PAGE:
3. I remember UCCF doing great gospel work. It was through one of its member CUs that I became a committed Christian and gained a firm understanding of my faith. So it is with extreme sadness (which perhaps I should have made clearer in the post) that I discover that this organisation, or at least its director, has betrayed that gospel by denying what is at its very heart, the forgiveness of sins.

    We also know that God forgives sin, scripture says this too.

    Indeed. But Cunningham didn’t say this, but denied it.

    sin is only forgiven through sacrifice.

    Perhaps this is what Cunningham meant, but if so he should say it, and should correct what he said in error.

    So thus far you are with me and against Cunningham, it seems. But then you move on to the more general controversy about the atonement. I am afraid that you seem to have picked up some of Adrian Warnock’s half-baked theology and superficial analysis of complex issues.

    was he being punished for our sins?

    No, the Romans and the Jewish leaders punished him for his own supposed sins.

    Did Christ carry our sin?

    This is a Hebrew idiom meaning “forgive sin”, as in Exodus 34:7.

    Was he stricken for our transgressions?

    You allude to an extremely complex sentence in the Hebrew of Isaiah 53:8, literally “from the transgression of my people blow to him”, but the text is very uncertain (several variants in Dead Sea Scrolls and LXX). The sentence could equally mean that the transgressions caused the blow.

    Was he wounded, pierced, crushed, smitten, afflicted… for our sin… by God?

    No. This was the misunderstanding of the “we” in Isaiah 53:4, corrected by the “But” of verse 5.

  4. We’re still only dealing with one line from what was presumably a 40 minute talk… in which one assumes Cunningham made it clear that it is through Jesus being punished for our sins that we are forgiven… which is clearly the point he was making whether you like the phrasing or not. And you do know that.

    We live in an age where forgiveness has been stripped of it’s association to the cross and we need to put the two back together.

    God doesn’t just forgive, he forgives in Christ – such that sin does get punished one way or the other.

  5. sin is only forgiven through sacrifice.

    Perhaps this is what Cunningham meant, but if so he should say it, and should correct what he said in error.

    He did say this. He was giving an exposition of Hebrews 9. As Dave rightly points out this was a 40 minute talk, not just a soundbite. What RC was emphasising was the penal nature of the sacrifice found in Heb9 – a better word for sacrifice might be penal substitute…

    I think you’re over simplifying the words ‘forgive’ and ‘punish’, as Dave says “God doesn’t just forgive, he forgives in Christ – such that sin does get punished one way or the other.”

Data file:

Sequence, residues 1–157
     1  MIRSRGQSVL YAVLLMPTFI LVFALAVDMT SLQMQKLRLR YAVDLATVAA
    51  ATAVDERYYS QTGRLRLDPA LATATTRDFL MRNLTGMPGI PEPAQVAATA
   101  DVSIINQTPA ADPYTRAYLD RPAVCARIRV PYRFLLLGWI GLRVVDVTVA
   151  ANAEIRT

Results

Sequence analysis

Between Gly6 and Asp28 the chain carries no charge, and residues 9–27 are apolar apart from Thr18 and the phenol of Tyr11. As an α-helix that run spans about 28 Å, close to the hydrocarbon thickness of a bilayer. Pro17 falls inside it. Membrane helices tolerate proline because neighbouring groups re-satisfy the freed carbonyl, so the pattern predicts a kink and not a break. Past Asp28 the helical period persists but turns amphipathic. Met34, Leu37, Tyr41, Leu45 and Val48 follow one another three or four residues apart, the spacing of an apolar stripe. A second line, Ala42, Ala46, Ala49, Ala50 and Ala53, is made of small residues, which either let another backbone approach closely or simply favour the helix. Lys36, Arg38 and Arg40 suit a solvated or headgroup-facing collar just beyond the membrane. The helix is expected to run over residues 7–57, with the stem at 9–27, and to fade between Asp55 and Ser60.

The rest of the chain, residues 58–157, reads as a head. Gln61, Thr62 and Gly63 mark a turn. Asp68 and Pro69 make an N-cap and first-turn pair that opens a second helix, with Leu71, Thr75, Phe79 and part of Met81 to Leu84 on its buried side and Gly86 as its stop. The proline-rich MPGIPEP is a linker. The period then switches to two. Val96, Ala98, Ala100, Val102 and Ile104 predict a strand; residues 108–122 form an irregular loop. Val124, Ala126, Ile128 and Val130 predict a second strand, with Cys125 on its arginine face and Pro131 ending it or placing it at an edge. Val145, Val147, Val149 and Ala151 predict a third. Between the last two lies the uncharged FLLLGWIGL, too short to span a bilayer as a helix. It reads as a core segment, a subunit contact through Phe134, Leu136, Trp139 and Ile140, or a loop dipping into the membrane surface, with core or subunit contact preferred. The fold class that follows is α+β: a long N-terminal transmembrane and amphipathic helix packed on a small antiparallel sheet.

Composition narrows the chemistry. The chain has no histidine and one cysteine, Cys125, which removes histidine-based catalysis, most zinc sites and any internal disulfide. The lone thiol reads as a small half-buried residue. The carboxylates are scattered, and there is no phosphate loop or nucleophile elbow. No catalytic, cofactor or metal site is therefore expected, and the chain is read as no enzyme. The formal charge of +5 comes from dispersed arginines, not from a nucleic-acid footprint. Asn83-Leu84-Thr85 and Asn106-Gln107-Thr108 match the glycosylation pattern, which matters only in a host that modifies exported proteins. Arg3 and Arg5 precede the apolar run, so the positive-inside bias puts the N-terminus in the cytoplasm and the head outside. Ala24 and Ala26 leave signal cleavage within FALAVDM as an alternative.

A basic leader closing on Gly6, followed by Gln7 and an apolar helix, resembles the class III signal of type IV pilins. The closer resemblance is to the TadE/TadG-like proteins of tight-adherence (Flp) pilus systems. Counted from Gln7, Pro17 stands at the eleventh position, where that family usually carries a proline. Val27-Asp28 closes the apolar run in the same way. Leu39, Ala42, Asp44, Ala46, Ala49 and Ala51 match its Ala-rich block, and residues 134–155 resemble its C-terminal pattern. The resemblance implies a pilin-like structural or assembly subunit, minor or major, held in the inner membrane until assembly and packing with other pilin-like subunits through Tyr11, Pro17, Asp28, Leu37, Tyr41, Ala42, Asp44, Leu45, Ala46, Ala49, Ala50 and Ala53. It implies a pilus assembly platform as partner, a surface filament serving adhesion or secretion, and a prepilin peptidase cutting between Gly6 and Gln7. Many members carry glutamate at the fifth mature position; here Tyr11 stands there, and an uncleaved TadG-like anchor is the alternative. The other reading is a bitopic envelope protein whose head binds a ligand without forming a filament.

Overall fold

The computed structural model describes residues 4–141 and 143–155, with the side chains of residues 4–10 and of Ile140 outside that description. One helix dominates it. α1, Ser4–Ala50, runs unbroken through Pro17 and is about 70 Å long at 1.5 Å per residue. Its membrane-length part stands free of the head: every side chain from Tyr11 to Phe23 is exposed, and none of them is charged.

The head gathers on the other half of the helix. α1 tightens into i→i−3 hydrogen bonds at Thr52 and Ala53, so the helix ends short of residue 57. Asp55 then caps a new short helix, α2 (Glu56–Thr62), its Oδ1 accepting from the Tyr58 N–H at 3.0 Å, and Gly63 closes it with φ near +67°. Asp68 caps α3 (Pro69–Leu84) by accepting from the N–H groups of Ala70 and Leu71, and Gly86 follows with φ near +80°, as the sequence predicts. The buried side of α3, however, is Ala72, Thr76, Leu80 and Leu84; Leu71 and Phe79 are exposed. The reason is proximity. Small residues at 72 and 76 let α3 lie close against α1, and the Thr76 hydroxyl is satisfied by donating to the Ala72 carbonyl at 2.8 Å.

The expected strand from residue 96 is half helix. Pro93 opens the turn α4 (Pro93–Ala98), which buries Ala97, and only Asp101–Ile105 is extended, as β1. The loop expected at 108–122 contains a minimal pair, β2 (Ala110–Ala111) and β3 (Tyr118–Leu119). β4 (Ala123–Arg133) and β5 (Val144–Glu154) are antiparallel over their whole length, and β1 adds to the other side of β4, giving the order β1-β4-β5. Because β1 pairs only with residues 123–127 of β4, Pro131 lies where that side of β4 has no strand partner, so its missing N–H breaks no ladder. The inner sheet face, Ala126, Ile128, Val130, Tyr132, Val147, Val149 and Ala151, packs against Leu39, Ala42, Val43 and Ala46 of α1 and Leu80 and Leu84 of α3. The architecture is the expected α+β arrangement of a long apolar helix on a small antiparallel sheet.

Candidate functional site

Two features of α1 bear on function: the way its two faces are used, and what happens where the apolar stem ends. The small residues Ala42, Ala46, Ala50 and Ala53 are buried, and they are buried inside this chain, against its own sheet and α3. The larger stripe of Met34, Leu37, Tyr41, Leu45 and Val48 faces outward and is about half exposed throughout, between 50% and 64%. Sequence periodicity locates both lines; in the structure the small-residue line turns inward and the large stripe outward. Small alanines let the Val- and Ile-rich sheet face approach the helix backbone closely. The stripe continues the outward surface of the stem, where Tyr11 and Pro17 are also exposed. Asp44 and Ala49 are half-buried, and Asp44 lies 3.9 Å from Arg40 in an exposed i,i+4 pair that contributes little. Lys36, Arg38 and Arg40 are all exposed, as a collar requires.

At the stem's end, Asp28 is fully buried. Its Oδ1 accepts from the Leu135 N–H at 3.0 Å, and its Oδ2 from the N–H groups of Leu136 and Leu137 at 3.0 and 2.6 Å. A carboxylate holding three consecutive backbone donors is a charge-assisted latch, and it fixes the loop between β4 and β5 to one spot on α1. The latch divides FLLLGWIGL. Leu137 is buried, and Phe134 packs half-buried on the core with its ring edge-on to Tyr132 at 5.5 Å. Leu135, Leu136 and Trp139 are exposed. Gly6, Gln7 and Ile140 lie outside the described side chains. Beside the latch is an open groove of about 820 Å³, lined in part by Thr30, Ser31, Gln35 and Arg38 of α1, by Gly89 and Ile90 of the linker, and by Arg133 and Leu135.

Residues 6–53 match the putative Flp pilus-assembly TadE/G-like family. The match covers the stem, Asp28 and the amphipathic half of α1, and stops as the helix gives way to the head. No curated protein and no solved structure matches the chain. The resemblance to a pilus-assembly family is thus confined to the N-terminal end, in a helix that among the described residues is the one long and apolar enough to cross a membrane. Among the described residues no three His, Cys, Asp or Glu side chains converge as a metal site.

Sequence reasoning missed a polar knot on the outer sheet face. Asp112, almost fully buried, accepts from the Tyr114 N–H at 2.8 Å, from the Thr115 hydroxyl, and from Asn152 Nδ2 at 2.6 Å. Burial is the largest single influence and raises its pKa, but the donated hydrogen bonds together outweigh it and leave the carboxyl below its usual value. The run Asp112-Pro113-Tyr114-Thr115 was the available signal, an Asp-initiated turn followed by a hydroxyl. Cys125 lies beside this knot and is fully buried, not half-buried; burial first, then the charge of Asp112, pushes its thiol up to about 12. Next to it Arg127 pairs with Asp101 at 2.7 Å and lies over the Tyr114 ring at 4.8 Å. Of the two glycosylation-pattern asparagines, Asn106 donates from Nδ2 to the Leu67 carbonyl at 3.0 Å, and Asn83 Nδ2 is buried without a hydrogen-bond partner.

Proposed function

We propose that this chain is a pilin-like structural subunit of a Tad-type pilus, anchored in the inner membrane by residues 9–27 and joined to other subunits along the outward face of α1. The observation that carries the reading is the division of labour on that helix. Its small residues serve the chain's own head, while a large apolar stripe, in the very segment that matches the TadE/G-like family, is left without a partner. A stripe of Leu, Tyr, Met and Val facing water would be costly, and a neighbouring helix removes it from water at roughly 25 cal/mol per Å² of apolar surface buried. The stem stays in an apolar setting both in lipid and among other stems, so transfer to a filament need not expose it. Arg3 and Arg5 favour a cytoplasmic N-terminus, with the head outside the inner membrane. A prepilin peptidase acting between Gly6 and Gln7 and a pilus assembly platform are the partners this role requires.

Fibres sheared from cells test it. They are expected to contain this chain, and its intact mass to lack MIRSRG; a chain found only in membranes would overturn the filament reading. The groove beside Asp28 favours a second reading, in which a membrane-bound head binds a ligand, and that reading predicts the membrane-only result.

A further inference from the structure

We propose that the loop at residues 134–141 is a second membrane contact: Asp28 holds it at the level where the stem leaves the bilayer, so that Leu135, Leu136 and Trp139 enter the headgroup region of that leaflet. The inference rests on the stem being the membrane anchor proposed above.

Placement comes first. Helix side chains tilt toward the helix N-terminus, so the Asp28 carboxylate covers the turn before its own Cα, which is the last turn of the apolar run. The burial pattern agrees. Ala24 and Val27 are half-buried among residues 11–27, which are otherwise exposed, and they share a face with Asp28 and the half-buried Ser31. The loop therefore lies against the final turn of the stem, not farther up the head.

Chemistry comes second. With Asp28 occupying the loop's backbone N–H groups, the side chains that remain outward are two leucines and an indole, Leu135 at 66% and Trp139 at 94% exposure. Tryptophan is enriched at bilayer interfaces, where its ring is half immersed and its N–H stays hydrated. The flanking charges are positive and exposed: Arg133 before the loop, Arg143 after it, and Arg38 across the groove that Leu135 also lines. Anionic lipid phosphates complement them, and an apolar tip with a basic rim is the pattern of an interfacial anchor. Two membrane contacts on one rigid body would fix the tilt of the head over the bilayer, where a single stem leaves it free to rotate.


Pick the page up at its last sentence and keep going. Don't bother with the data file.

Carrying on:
“Yet it was the will of the LORD to crush him…” (Is 53:10) – I suppose this is a misunderstanding too?

  6. Peter, have you blogged on or otherwise posted online an full (as in the entire chapter, verse by verse) exegesis of Isa 53 ? I have often read the regular reformed/Adrian take on this chapter; I would like to study in depth the angle you are taking here. Are there any commentaries which venture out in your direction? Any other web pages to help study this?


  7. Alastair, thanks for the challenge. It is something I would be interested in doing. But I haven’t done it. And I am not working from specific commentaries.

    As for Cunningham’s words, if this is not what he meant he certainly should be more careful about them. For people (not me, but apparently his own supporters) are misunderstanding them and quoting them without qualification. Cat quoted this as if it was the central point of Cunningham’s talk, followed by “wow…let that digest”. She also noted that “there were some that look bewildered or looked angry” at words like this, but attributed this to the offence of the cross. Hugh called Cunningham’s words “hard truths about our God”, although he now seems to be backing off to Dave’s “God doesn’t just forgive, he forgives in Christ” – which is of course correct.

    Cunningham, if he is qualified to be a director as well as a preacher, should be aware that his words are likely to be taken and reported out of context. So he should be careful about those words. And when, as in this case, misleading reports of his words are being spread around, he should issue an explanation and apology.

    So, I would like to challenge Cunningham to issue a clarification of what he meant by his words and an apology for leaving himself open to such serious misunderstanding. I am sending an e-mail to UCCF requesting such an apology.

  8. Dave, while I can accept “God doesn’t just forgive, he forgives in Christ”, I cannot accept “it is through Jesus being punished for our sins that we are forgiven”. This latter statement is not forgiveness of sins. A sin which is punished is a sin which is not forgiven – even if in some sense the person is forgiven. If this is what Cunningham believes, then he does believe that “God doesn’t forgive sin, he punishes it” without qualification, and my charge of contradicting the Bible and the Creed stands. And if this is considered to be the standard presentation of PSA, then PSA contradicts the Bible and the Creed.